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Even Tom Hiddleston's Sexiness Can't Save 'High-Rise' From Toppling

By Kristy Puchko | Film | May 13, 2016 |

By Kristy Puchko | Film | May 13, 2016 |

English director Ben Wheatley has forged a reputation with a duo of heralded horror offerings, 2011’s cryptic thriller Kill List and the 2012 pitch-black horror-comedy Sightseers. But, to be frank, his brand of scary does nothing for me. While my peers oohed and ahhed over that pair of devotedly bleak pics, I yawned and wondered what all the fuss is about. But I had renewed hopes for his latest, in large part because of the cast, which includes Tom Hiddleston, Jeremy Irons, Sienna Miller, Luke Evans, and Elisabeth Moss.

Based on the 1975 novel by J.G. Ballard, High-Rise stars Tom Hiddleston as a middle-class doctor/eligible bachelor whose life is forever changed when he moves into a newly built apartment block. The titular high-rise boasts in-building daycare, a grocery store, gym, pool and a rooftop garden where its architect’s bored-to-derangement wife rides a full-sized white horse. It’s the height of sophistication, if you live on the upper levels. But “down in the shadows” are the lower floors with the lower-class people and their grubby children who dare to play in the communal pool. Power and water outages turn sniping and snarking into kidnapping and murder. And it’s up to the good doctor to play mediator between the warring classes.

Let me say right away that Hiddleston is intoxicating here. Slid into a snug suit, he gambols, dances, fucks and poses like he’s in the world’s most elaborate cologne commercial. Even when he’s knee-deep in disco-style debauchery, he’s delicious.

Likewise, there’s a seductive, swanky elegance to High-Rise. Wheatley, always drawn to the grotesque, manages to find a strange grandeur to the film’s graphic violence, be it the stripping of flesh from a human head, or a suicidal heir plummeting to his death. He crafts some sick turns into darkly comic barbs, like an early reveal that the lovely husky pup the doctor’s taken into his apartment has been crudely rotisseried for a homemade meal. Rapturous and surreal are scenes like an inky invasion of the swimming pool and a slo-mo party brawl, which play like mind-spinning trips out of A Clockwork Orange or Under The Skin. His visuals, twisted and bizarre, aim to entrap the audience in the cult-like atmosphere of the high-rise itself. And the editing—violent in its cuts, slicing from one place to another to jarring effect—gives a similar sense of unease.

The first forty minutes or so of High-Rise are stylish, unsettling, and grimly witty. But then Wheatley abruptly changes gears, piling on monologues, violence, sex and tedious arguments, mutating his characters from people to crudely expressed ideas. Representing the “lower people” is a spitting and seething Luke Evans as a documentary filmmaker who feels entitled to a better life and a better wife. He’s constantly pushing himself on the wealthier women, including Sienna Miller’s disco-fabulous single mom. Meanwhile, a perpetually pregnant Elisabeth Moss is left to grin, bear it, and care for the kids as her husband plays self-made revolutionary.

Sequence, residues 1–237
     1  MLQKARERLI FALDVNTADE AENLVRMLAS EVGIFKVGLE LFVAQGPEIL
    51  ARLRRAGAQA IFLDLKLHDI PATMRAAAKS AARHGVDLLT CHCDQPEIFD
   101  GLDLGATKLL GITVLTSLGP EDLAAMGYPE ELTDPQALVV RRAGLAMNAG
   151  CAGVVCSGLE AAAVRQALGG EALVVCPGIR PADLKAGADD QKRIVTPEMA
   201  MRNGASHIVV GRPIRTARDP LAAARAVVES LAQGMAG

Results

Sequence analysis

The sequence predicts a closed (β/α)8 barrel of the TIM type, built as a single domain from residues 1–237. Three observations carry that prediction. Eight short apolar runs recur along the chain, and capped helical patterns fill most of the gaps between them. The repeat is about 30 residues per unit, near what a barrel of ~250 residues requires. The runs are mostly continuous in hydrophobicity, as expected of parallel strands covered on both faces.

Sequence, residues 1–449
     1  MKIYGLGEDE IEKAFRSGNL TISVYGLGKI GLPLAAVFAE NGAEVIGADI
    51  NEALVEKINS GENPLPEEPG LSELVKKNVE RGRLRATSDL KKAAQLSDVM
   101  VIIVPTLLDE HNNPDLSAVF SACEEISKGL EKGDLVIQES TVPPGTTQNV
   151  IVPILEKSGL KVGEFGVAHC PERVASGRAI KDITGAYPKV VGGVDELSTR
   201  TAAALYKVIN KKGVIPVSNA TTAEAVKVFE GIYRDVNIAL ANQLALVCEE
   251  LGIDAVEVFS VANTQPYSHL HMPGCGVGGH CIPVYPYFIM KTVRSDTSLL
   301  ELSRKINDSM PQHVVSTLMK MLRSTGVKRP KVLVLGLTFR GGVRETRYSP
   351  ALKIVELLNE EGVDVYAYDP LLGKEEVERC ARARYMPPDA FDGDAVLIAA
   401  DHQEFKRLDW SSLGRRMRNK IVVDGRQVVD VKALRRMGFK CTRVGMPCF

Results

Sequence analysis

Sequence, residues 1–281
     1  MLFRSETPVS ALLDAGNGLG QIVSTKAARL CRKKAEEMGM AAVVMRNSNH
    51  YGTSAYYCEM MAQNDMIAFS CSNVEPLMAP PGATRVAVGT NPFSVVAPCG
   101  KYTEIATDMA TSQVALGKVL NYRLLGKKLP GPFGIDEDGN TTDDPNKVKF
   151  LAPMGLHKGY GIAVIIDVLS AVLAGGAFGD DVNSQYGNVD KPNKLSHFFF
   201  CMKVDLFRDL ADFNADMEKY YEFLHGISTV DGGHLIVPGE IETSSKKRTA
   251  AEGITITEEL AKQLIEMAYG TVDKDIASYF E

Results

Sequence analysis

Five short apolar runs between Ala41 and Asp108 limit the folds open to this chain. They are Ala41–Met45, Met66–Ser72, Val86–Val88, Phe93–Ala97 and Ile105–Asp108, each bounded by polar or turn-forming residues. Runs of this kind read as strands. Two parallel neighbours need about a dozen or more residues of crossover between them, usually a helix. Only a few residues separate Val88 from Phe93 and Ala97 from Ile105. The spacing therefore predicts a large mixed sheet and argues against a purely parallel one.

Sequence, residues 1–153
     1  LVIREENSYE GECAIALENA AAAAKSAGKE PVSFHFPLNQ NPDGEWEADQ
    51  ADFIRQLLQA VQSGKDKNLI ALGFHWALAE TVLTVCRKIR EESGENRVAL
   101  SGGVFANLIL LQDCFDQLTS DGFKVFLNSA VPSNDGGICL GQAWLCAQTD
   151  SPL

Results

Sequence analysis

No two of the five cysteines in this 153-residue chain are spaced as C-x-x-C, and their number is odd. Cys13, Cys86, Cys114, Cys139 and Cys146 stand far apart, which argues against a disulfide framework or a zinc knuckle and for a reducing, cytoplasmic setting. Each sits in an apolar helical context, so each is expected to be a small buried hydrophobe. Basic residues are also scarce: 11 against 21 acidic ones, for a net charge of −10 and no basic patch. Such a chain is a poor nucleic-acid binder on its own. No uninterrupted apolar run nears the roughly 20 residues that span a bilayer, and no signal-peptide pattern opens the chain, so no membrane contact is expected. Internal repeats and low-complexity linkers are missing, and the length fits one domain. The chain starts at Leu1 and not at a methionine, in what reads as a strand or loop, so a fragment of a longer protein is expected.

There’s an interchangeable array of men with thick 70s facial hair in the upper floors who say hideous things and sneer at Hiddleston and all those literally below him. But the “god” of this place is its architect, played with chilly bravado by Jeremy Irons. Things take a turn during a squash match when he abruptly gets very possessive over one tenant, quipping crassly about her “tight cunt.” Then, just as abruptly he turns maudlin, lamenting that this building was meant as a “crucible for change.”

You might wonder how, when all the poor folk were relegated to the part of the building with the least sunlight and the most maintenance problems. You might also wonder why people would live in a place where “wives are being traded for food,” coming home from the office could get you captured by a furious faction, and dinner consists of doggie food or food made of dog. But High-Rise does not. One weird montage whizzes by and the high-rise transforms into post-apocalyptic roach motel, where no one will leave for no apparent reason.

For the first half, I was jolted, marveling and generally entertained, though frequently disturbed. But Wheatley loses grip of the story’s grounding, unfurling an increasingly sloppy plot that’s characters begin to blur together into a mess of profoundly ugly humanity. Which perhaps is the point. But it makes for a dull experience, especially as Wheatley’s idea of “edgy” debauchery feels juvenile, being limited to orgies and anal sex. (The far superior class-warfare thriller Snowpiercer at least had the good sense to loop in cannibalism.)

More frustrating than Wheatley’s misanthropic message is the treatment of female characters as afterthoughts. The men in this world repeatedly refer to women as property, and the film refuses to refute that dangerous idea. The female characters are easily written off as nags, trophy wives, or teases. In each case, these roles win them nothing but scorn, abuse, neglect or rape. They bear little impact on the plot, until the final act. And by then, these sketches of womanhood are so barely there that their motives are unknowable, their resolution frustratingly ambiguous. While Miller and Moss are mesmerizing nonetheless, the script doesn’t give them much to do but look beautiful and be abused. Weighty speeches about society, power and status, well that’s for the menfolk to deal with.

Following its NY premiere at the Tribeca Film Festival, High-Rise hits theaters May 13th.

Kristy Puchko reviews movies more times on her podcast Popcorn & Prosecco

Kristy Puchko is the film editor of Pajiba. You can follow her on Twitter.